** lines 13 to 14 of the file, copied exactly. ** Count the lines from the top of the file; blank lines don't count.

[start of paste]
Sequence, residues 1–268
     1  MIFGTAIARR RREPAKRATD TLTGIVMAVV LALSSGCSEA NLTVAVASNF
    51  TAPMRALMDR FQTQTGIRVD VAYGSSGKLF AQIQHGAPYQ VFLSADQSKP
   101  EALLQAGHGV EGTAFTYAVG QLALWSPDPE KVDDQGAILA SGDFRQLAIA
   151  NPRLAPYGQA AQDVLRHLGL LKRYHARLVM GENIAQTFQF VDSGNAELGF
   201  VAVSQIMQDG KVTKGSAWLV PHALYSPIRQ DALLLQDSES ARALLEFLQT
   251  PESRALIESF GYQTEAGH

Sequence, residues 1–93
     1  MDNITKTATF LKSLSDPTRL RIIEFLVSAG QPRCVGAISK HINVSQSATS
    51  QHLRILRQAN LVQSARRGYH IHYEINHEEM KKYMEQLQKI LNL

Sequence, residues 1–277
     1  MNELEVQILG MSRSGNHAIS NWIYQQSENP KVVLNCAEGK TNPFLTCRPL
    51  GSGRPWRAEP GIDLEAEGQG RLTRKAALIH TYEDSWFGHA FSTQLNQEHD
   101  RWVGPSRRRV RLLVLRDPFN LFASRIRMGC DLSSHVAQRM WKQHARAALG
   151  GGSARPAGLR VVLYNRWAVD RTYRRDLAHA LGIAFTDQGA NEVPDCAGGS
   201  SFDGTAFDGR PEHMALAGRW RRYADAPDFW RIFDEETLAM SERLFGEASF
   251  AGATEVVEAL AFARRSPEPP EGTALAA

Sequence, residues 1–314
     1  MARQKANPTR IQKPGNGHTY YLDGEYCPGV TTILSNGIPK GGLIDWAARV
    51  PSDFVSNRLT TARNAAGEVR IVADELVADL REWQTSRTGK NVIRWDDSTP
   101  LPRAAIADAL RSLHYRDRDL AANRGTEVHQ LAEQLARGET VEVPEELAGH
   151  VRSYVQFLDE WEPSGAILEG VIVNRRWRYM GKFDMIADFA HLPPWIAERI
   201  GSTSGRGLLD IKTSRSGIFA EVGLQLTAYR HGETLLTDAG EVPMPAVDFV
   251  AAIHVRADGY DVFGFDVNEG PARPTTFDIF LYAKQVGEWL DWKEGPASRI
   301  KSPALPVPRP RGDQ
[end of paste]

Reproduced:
    51  GSGRPWRAEP GIDLEAEGQG RLTRKAALIH TYEDSWFGHA FSTQLNQEHD
   101  RWVGPSRRRV RLLVLRDPFN LFASRIRMGC DLSSHVAQRM WKQHARAALG